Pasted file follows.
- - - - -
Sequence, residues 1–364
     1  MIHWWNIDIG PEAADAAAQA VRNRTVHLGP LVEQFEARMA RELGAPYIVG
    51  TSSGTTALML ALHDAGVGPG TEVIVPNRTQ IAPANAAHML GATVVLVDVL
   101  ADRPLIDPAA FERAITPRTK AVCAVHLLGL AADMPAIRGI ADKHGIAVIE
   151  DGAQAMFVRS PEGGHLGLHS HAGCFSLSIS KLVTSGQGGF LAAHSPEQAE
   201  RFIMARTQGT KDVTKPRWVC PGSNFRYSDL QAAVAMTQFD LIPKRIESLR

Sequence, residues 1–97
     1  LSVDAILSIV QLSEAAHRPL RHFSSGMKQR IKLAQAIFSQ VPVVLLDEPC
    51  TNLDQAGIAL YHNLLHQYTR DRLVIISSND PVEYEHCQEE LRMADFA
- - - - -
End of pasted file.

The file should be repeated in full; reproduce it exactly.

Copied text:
Sequence, residues 1–364
     1  MIHWWNIDIG PEAADAAAQA VRNRTVHLGP LVEQFEARMA RELGAPYIVG
    51  TSSGTTALML ALHDAGVGPG TEVIVPNRTQ IAPANAAHML GATVVLVDVL
   101  ADRPLIDPAA FERAITPRTK AVCAVHLLGL AADMPAIRGI ADKHGIAVIE
   151  DGAQAMFVRS PEGGHLGLHS HAGCFSLSIS KLVTSGQGGF LAAHSPEQAE
   201  RFIMARTQGT KDVTKPRWVC PGSNFRYSDL QAAVAMTQFD LIPKRIESLR

Sequence, residues 1–97
     1  LSVDAILSIV QLSEAAHRPL RHFSSGMKQR IKLAQAIFSQ VPVVLLDEPC
    51  TNLDQAGIAL YHNLLHQYTR DRLVIISSND PVEYEHCQEE LRMADFA